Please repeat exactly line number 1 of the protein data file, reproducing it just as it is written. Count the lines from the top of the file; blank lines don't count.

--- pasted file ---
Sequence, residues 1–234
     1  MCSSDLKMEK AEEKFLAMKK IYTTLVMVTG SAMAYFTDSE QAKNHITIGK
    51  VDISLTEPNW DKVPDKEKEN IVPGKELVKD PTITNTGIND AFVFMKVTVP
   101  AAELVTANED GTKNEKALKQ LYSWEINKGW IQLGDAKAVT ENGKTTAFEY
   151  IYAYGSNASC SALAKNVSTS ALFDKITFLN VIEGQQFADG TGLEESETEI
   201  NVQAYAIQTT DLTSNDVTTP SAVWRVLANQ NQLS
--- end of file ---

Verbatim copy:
Sequence, residues 1–234